By on November 13, 2008

Last year, Premier Jean Charest’s fellow Québécois faced the worst winter the Province had seen in over five decades. So he directed his government to make winter radial tires mandatory. From December 15 until March 15, snow shoes for you, eh? Two weeks ago, I spoke to a mechanic in Nashua, New Hampshire who lamented a shortage of winter tires. New Hampshire being almost Canada, I should have twigged. Then, two days ago, a Montreal tire shop was burned to the ground in what the Montreal Gazette called a “supicious tire fire.” Still didn’t click. Finally, the Canadian press put two and two together for me, declaring that Quebec’s winter tire law is causing a shortage and, c’est vrai, a tire war in the province. This being the first year such a law has been in place for any Canadian province, the demand for tires in Quebec has inevitably led to shortages in neighboring provinces and bordering U.S. states. In case anyone in the Northeast needs winter tires for a Ford Mustang, I happen to have a pair that I’d part with for, say, $20b dollars. U.S.

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27 Comments on “Quebec’s Tireless Search for Tires...”

  • avatar
    Austin Greene

    This is yet another example of the Government of the Province of Quebec doing what so many other governments fail to do: Pass legislation that actually helps their population and not some lobby or special interest group.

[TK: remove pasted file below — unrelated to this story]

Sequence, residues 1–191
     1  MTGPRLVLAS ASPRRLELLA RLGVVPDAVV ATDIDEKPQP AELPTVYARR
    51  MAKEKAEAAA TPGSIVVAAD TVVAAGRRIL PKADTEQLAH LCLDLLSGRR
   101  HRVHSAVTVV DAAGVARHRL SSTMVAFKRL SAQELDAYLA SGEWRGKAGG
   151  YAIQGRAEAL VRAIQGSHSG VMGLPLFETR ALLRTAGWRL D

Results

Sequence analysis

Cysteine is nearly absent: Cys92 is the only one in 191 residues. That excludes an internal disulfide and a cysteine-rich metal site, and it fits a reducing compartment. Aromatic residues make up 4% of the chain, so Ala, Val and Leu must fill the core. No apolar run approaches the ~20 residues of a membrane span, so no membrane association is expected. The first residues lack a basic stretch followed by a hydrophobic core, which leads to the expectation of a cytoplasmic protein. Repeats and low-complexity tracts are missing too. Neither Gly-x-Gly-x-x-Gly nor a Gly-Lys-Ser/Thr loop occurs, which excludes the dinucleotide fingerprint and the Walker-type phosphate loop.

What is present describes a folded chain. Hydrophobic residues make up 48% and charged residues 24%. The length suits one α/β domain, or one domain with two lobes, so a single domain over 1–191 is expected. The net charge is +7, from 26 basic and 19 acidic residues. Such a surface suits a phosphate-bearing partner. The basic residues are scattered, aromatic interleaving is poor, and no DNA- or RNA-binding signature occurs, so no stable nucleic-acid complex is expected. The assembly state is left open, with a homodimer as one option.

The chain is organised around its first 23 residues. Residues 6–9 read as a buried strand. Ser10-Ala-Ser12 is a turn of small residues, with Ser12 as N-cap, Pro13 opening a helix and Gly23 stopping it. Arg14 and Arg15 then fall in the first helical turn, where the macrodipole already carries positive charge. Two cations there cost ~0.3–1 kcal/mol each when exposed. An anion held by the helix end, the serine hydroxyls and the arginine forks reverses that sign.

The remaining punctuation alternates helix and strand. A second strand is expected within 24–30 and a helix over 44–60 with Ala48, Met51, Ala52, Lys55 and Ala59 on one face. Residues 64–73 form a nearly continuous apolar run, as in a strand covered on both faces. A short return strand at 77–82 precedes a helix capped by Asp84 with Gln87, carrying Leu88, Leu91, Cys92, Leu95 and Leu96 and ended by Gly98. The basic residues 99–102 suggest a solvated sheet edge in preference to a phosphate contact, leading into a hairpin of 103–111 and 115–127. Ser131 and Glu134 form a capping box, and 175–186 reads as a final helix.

This winter tire legislation may be the first in Canada, but it should not, and I predict will not, be the last.

    Quebec has been at the forefront of similar consumer-oriented measures for the better part of the last 30 years. They may pay higher taxes, but they receive better services for their investment.

    Disclaimer: I am not now, nor have I ever been, a resident of Quebec.

  • avatar
    John Horner

    There go those pesky regulators reducing accidents. How dare they. What’s next, demanding reduced auto insurance rates to go along with the reduced claims? The nerve.

  • avatar

    Although I do support this law, it’s lead to a huge shortage of winter tires here in Newfoundland.

    I can’t even get a tire shop to answer the phone when I call to make an appointment. The odd time I do get through, they don’t have my tire size.

    Maybe the tire manufacturers should have upped production?

  • avatar
    Geo. Levecque

    I dont think there is a real shortage of Winter Tyres(Tires) in Quebec or the rest of Canada, its just so much hype for Manufactures of said product!
    Even here in Ontario the News is all about shortages,when I ordered my Winter ones, there was no problem in getting them along with Steel wheels!
    Next Province to make Tires madatory will be this one, Ontario, just like the ban on Cell phones, its a Safety thing eh!

  • avatar

    I just got a set of Blizzaks from TireRack for $263, shipped. Is that so hard?

  • avatar

    I saw Costco in Canada, I swear I did. They even fill your tyres(tires) with nitrogen. You should rotate your tires twice a year anyway.

    However, what’s wrong with Canada? Didn’t you people heard that Al Gore declared global warming and even got Nobel kronas for it? How dare you to have winters?

  • avatar